If you work in a commercial office building, chances are you’re reading this blog from your home while you contemplate the inevitable return to a full office schedule. Perhaps you’ve become accustomed to remote work and are hoping to move to a hybrid schedule. Before you start packing up your files from your kitchen table, the first thing you should do is have a conversation with your landlord about indoor air pollution and learn how your landlord is investing in indoor air quality solutions.
The quick spread of Covid-19 has proven that contemporary air purification solutions are simply ineffective at removing airborne pathogens and supplying safe, healthy air to breathe in indoor spaces. But pathogens are only one dimension of the sources of indoor air pollution. Other sources of indoor air pollution are linked to short- and long-term health effects, from dizziness to cancer.
There is no bigger deal than the quality of the air you breathe, and your landlord has a moral imperative to supply clean, safe, healthy air for their tenants. Here’s why you should care about your office’s indoor air quality, and how you can go about opening a dialogue with your landlord. Convince them to improve the indoor air quality and supply a healthier space for you when you return to the office.
What causes indoor air pollution?
Indoor air quality is affected by a combination of pathogens and environmental factors. In fact, indoor air pollution can be up to 5 times more concentrated than outdoor air. On the pathogen side, these can be things like viruses and bacteria. On the environmental side, sources of indoor air pollution can be everyday things like cleaning solutions, smoke from cooking, mold, carbon dioxide buildup, and even air pollution from outside. The long-term health effects of inhaling pollutants are linked to things like increases in rates of cancer, heart disease, strokes, and reductions in fertility.
Poorly ventilated spaces also cause an increase in indoor air pollution due to poor filtering of the pathogens and pollutants. Think of a river: standing water is going to be the dirtiest, and the stronger the current, the quicker pollutants are carried downstream, keeping the river clean. Similarly, the quick spread of Covid has shown that the air in spaces with conventional air purification systems are much like standing water when it comes to filtering pathogens and pollutants from the air. Air quality in small, enclosed spaces like an office can deteriorate very quickly.
There are short term health effects to poor indoor air quality as well. Offices without good IAQ see absenteeism at rates up to 35% higher than offices which have invested in quality air. Remember those sick days you had to take because you went home early after randomly and suddenly catching a headache and feeling dizzy? It may have been caused by poor indoor air quality.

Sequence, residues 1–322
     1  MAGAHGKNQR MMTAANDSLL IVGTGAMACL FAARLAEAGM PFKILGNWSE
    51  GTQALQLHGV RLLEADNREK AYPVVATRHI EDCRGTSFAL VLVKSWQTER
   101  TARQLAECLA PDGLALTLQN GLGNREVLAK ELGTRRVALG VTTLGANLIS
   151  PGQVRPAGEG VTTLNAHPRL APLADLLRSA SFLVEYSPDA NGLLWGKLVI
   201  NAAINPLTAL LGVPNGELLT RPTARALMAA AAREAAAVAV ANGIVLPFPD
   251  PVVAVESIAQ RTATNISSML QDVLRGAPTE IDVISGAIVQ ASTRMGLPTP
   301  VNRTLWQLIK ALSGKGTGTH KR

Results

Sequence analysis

How do you improve indoor air quality?
If you can’t measure it, you can’t change it. The first step to improving indoor air quality is setting up a baseline, to understand what’s in the air you’re breathing. At minimum, this would require your property management to invest in an indoor air quality monitor, but the monitor would only tell you the quality of the air.
The next step is to invest in an air quality optimization program based on data. This is extremely important. You’ll need information about the pollutants in your air, to achieve your air quality goals.
Without comprehensive, real-time monitoring and optimization of indoor air quality, these pollutants and pathogens can quickly spread through an indoor space, especially a space that is poorly ventilated, and contaminate the air despite your office building’s existing HVAC system.
How to ask my property manager to invest in IAQ
Begin with convincing your landlord to invest in a modern indoor air quality system, and make sure they understand what IAQ is. Be persistent. Ask them if their building is WELL certified and push them to get a WELL certification if it isn’t.
Convince them to invest in an indoor air quality program based on real-time pollutant data. If they say it’s too expensive, remind them what’s at stake. This isn’t trivial. This is air. This is health. This is what you’re breathing in as you read this blog. It’s what you’re going to spend a third of your life breathing in at the office, and it’s the same air your landlord also must breathe. There is no such thing as too expensive when it comes to the quality of your air.
Enlist the help of your office mates and other tenants in putting pressure on your landlord. If the air in your building is contaminated, you can’t just refuse to breathe. Educate each other. Be relentless with your asks. Humans are an indoor species now. We spend 90% of our time inside. Don’t let them stall you, and don’t let them cut corners on the quality of your air. If you would rather drink water from a BRITA than a faucet, then demand air just as clean and healthy.
Cohesion’s indoor air quality program monitors and optimizes air flow to minimize pollutants. Learn more about the program.